Registry operators are going to find increased flexibility and more varied opportunities when they begin to launch new blockchain-based TLDs. The result will be the ability to tailor a TLD to specific market niches more effectively. They will be able to "bake the rules into the code" and customize a TLD for specific use cases, even if powerful constituencies may be strongly opposed.
A registry operator may, for example, decide in the case of one TLD to make all contact information optional, making it possible to have domain names that cannot easily be seized by governments or stolen by thieves. Alternately, they could decide to enforce stringent contact-info requirements, which would allow strong claims to be made about the website operators in that TLD. Registries will be empowered to draft the rules of operation according to the needs of the market being served, as opposed to doing what it takes to get approval to launch.
Variable pricing schemes become much more viable, too, as pricing can become a function of a carefully crafted algorithm that reflects the registry's priorities. If they are concerned about the rate at which two- and three-letter strings are registered, they can simply tweak the pricing algorithm to reflect those values. Perhaps the registry wants to use a sliding-price model for most domain names in a TLD, where the registration cost is reduced each day until a target is reached, as Emercoin did. Or perhaps for those two- and three-letter domain names, they want to utilize an auction-style pricing model, as Bitshares does. Such priorities are easy to implement via blockchains, and require no approval from anyone.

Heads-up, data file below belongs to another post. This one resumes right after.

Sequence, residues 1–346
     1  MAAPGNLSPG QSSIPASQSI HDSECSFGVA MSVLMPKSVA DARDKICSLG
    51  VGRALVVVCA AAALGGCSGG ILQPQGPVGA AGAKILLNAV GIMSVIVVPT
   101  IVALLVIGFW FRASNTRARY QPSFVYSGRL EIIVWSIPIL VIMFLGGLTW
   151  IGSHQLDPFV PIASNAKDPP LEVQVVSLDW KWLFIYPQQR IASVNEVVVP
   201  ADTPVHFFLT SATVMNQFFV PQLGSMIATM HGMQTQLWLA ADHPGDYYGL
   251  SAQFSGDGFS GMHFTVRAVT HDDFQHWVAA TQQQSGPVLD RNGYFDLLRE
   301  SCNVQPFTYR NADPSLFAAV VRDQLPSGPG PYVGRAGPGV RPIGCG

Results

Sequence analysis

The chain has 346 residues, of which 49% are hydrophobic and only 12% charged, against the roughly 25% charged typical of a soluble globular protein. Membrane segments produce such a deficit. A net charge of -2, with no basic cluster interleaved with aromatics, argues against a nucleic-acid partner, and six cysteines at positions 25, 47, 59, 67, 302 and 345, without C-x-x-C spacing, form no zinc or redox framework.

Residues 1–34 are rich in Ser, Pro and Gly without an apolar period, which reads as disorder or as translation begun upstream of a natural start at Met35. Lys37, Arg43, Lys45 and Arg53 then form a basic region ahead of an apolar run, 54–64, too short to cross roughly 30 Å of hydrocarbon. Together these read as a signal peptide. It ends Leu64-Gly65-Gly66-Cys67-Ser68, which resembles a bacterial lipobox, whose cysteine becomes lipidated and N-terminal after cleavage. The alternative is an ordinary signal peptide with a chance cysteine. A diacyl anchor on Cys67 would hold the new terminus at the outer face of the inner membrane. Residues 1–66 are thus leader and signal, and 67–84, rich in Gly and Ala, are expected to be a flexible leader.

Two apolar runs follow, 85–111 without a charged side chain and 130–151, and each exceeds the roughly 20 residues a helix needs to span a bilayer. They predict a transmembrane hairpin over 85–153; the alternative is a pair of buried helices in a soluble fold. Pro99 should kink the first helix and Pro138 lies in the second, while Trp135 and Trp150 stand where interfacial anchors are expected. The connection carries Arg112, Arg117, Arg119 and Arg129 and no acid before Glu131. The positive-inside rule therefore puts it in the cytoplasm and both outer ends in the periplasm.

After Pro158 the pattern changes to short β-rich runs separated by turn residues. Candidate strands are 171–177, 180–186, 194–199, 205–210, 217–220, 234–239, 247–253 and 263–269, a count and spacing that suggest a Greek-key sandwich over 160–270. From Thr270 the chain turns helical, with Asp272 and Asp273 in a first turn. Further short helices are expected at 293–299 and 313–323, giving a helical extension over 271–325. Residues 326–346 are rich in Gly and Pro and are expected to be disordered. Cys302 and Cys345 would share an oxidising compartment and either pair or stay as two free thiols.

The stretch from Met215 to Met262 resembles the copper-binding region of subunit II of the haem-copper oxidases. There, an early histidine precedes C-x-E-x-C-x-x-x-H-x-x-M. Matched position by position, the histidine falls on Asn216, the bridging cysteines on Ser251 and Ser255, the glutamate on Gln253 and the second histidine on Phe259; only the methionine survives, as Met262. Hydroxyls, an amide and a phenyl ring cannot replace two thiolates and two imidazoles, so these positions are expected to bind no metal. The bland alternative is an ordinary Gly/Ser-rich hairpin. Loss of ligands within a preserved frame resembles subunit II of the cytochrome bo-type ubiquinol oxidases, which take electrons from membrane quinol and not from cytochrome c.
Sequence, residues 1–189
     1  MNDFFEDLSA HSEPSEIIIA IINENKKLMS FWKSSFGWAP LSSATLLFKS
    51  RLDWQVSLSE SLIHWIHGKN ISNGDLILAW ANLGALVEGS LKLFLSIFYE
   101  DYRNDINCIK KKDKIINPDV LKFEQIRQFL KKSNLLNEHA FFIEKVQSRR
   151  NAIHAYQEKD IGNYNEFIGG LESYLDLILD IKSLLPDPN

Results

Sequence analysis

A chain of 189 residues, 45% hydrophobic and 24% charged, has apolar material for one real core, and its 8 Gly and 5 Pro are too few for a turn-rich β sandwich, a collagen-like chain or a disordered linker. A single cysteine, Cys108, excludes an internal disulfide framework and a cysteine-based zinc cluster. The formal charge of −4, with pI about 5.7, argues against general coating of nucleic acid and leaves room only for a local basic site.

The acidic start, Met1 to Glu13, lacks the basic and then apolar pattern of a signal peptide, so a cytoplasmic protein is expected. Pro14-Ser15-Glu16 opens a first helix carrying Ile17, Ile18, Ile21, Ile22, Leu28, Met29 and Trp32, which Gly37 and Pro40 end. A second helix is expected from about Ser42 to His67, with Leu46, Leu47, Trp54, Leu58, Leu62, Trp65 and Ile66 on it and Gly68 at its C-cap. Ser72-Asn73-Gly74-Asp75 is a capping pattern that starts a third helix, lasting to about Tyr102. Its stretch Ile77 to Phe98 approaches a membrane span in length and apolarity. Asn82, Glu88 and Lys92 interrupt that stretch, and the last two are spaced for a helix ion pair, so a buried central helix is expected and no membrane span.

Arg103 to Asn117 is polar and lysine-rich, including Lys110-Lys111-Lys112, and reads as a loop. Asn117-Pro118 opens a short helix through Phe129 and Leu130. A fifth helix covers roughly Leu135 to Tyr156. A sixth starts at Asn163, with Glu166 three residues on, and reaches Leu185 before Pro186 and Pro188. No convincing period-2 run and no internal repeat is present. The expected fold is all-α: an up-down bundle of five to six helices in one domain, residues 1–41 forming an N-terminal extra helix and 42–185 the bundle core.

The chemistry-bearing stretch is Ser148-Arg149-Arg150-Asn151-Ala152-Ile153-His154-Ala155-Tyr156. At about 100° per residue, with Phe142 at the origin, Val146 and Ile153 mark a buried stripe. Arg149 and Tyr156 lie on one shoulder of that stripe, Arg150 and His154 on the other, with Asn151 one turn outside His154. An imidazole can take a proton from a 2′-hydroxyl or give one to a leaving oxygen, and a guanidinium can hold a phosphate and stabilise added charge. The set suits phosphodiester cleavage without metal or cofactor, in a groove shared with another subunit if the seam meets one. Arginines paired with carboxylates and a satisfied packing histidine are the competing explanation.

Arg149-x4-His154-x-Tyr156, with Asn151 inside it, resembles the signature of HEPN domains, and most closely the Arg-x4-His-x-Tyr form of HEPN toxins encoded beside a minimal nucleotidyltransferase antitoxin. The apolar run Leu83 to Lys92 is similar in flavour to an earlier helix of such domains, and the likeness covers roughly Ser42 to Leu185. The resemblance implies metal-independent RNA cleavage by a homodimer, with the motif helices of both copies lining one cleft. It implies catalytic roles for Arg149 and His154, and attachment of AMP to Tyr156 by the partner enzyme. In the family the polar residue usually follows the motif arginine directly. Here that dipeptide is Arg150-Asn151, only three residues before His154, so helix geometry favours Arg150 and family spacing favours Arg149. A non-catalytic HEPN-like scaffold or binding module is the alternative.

Currently, decisions about launch parameters must be approved by ICANN and be implemented by written, enforceable policies. In the future, these parameters could and will be written not as clauses in legal contracts, but in code! The result will be the elimination of ambiguity, less legal wrangling, and more flexibility for the registries.
Registry operators face the prospect of significantly lower-cost structures as well. Marginally profitable operations, or even those operating at a slight loss, may look viable if migrated to a blockchain. With no compliance costs and the elimination of expensive interaction with ICANN, the cost to operate a TLD ought to be reduced significantly.
Paired with variable pricing and auction models, registry operators will have greater control over costs and more pricing options than ever before. This should translate into more varied offerings for consumers and more room for innovation from those who operate TLDs.
Governments could launch TLDs with the specific intention of using them for voting and fairly distributing benefits. Human rights organizations could launch them to promote free speech online, or encourage whistleblowers. Innovative companies could identify market opportunities and launch TLDs specifically crafted for a particular niche.
Perhaps the most important change will be the ability of small operators, or even individuals, to launch TLDs for whatever purpose they want. It could be that services involved with coordinating networks of smart, connected devices will launch limited-access TLDs in order to control upgrades, enable hardware leasing, or any number of other purposes that are hard to predict today.
Despite the claims from many that a perfect storm of factors is making domain names obsolete, the indicators suggest otherwise. The naysayers cite the prominence of mobile apps, and the convenience of things like Facebook pages, Etsy stores and more. But after basically stagnating since the late 1990s, the Domain Name System is about to undergo big changes. Stick around, DNS is not done.